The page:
Controversial gas station plan progresses again in Mundelein

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Despite substantial opposition from neighboring residents, the Mundelein Village Board of Directors moved closer on Monday to the green light for a project to build a gas station and convenience store in the northern part of the village.

By asking village workers to draft ordinances for a trio of requested building code waivers regarding lighting, fence height and building location, administrators paved the way for the construction of Thorntons Station proposed at the northeast corner of routes 45 and 176.

The approximately 2.8 acre site sits at one of the busiest entry points to the village. The former Original Omega restaurant and a vacant industrial building are now on the land, and both are said to be razed.

The developer, Northbrook-based GMX Real Estate Group, initially launched a gas station plan last year, but pulled it from consideration earlier this year after neighboring residents and the planning commission and zoning authorities have expressed concerns about traffic, the environment and other issues.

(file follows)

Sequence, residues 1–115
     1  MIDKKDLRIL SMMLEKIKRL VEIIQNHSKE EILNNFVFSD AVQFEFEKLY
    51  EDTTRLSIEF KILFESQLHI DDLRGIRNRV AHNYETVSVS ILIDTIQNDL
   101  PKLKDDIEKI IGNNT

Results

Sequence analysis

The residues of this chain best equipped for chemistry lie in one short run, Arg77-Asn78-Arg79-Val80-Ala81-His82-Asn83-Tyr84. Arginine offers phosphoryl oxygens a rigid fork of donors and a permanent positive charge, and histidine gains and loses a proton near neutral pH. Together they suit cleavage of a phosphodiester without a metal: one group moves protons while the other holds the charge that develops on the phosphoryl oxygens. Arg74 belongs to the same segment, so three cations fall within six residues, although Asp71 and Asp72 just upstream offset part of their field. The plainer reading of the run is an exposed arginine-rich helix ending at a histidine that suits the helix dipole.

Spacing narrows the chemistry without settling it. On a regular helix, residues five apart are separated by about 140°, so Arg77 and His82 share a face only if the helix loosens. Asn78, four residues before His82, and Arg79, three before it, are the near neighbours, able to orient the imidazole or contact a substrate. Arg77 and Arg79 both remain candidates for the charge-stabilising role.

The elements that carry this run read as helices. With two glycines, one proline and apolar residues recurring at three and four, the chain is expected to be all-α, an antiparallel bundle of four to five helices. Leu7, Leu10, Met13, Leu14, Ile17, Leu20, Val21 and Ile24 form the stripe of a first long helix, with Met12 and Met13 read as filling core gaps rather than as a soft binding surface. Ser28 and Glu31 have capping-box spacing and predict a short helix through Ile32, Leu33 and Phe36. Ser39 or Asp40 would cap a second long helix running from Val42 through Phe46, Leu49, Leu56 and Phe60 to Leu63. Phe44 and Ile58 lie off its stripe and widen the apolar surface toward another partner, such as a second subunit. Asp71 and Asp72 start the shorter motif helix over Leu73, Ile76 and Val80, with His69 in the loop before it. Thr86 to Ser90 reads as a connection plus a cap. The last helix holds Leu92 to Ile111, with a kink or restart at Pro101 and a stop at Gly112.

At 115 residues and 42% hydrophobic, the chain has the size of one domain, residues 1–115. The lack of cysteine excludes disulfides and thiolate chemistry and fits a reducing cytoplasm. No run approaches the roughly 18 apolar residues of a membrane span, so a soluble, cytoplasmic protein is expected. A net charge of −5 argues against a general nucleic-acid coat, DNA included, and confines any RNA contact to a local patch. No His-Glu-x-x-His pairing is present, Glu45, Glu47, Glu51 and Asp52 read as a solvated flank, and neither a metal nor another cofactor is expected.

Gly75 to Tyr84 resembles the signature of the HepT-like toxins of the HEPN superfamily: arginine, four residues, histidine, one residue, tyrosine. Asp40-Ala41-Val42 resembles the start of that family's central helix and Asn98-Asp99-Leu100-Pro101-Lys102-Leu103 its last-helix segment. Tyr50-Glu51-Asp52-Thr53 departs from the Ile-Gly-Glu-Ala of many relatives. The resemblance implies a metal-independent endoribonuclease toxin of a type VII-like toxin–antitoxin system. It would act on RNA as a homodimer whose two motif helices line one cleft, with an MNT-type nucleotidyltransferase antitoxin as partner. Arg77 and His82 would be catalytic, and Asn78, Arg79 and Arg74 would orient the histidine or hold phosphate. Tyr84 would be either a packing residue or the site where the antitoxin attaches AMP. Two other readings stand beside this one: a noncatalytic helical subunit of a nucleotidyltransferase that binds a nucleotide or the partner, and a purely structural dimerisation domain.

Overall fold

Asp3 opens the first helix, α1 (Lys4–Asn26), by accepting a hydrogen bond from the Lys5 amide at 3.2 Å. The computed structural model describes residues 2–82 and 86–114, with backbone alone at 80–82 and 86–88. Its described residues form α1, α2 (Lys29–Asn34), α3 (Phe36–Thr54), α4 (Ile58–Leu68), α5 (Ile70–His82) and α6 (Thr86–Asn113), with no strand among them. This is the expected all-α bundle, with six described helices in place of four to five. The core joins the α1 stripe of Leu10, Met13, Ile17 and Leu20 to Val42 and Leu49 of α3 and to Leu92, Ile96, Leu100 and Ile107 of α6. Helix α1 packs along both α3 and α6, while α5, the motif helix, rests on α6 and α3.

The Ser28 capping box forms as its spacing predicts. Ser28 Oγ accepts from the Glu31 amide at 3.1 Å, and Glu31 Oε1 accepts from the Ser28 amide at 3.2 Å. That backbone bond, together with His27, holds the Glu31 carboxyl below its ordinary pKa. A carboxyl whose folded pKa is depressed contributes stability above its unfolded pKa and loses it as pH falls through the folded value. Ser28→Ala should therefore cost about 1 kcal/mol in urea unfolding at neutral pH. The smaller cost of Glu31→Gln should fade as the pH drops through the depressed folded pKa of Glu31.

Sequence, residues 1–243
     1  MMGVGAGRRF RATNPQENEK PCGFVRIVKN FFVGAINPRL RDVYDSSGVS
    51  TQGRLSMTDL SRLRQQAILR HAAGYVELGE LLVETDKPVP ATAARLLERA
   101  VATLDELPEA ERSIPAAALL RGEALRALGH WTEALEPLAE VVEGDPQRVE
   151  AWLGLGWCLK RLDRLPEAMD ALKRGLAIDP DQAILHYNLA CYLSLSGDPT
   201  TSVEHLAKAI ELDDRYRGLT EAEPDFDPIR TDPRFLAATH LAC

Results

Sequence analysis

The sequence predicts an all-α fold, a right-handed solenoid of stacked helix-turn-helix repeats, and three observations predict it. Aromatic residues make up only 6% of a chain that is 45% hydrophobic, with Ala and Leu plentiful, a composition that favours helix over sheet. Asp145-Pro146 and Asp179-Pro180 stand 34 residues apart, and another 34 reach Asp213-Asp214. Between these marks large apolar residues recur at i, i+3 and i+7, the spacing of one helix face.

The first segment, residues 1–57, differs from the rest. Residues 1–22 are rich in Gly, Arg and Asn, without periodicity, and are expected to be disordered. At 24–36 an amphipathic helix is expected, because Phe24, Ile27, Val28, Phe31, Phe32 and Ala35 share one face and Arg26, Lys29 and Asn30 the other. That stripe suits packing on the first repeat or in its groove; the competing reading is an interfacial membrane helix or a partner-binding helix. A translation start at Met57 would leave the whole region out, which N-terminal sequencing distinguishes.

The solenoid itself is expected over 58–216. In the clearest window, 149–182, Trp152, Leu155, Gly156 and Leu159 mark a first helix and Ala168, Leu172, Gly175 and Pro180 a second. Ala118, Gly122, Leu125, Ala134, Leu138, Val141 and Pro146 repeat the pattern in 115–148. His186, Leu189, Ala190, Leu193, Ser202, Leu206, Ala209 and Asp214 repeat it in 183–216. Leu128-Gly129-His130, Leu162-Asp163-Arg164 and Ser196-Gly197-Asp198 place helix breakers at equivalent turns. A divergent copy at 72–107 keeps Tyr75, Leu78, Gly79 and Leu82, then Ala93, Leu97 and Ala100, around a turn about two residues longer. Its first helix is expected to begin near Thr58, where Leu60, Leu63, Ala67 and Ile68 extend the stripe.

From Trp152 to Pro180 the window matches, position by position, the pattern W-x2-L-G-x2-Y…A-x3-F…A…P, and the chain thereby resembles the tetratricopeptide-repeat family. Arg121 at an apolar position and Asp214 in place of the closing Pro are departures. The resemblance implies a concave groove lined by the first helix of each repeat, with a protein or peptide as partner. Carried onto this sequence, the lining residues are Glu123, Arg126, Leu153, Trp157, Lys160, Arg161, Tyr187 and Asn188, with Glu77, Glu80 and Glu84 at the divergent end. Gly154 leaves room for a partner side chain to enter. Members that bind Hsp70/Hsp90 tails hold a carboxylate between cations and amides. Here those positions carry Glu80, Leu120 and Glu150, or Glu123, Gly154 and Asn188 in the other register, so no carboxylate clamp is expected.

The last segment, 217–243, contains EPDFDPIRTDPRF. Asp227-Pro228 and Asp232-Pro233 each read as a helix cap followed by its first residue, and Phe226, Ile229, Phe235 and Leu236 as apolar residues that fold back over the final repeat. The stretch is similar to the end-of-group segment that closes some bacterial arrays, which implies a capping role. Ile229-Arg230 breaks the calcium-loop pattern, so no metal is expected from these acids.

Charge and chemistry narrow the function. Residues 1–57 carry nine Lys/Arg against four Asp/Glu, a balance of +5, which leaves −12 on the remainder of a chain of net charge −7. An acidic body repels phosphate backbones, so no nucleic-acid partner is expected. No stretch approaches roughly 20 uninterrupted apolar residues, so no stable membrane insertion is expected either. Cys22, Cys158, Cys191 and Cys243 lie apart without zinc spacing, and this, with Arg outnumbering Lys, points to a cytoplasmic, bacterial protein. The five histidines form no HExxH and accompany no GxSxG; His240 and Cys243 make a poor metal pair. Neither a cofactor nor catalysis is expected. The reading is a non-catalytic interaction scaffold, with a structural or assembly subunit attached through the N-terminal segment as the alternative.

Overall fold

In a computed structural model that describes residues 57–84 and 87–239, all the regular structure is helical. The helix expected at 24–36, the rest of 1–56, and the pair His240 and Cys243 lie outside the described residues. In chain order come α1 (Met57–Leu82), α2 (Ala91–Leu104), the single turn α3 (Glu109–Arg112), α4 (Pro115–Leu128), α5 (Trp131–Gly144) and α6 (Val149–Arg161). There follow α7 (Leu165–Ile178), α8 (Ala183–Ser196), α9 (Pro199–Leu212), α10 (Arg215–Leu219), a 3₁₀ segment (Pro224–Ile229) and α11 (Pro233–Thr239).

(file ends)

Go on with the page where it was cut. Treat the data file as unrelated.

GMX submitted a revised proposal to city hall last month. The changes included a smaller convenience store and the elimination of diesel service stations for large trucks.

The planning commission voted last week to recommend that the village council approve the requested changes to the building code.

But the changes weren’t good enough for more than a dozen Mundelein residents who spoke out against the plan at Monday’s village board meeting.

Some voiced concerns about potential environmental impacts, while others said a station would hurt property values.

A speaker, Elizabeth Johnson, said GMX created its own difficulties by purchasing the land knowing that a gas station would not follow village codes.

Mayor Steve Lentz praised critics for their passion for the issue, but said some rumors and letters circulated about the project were “misleading” and “spurious”.

Lentz called for a public apology. None came.

The proposed draft ordinances concerning the location of buildings and lighting were adopted by 5-1, administrator Kara Lambert voting the only “no”.

The proposal to write an ordinance allowing a higher fence than usual was adopted unanimously.

Votes on the ordinances themselves could take place next month.


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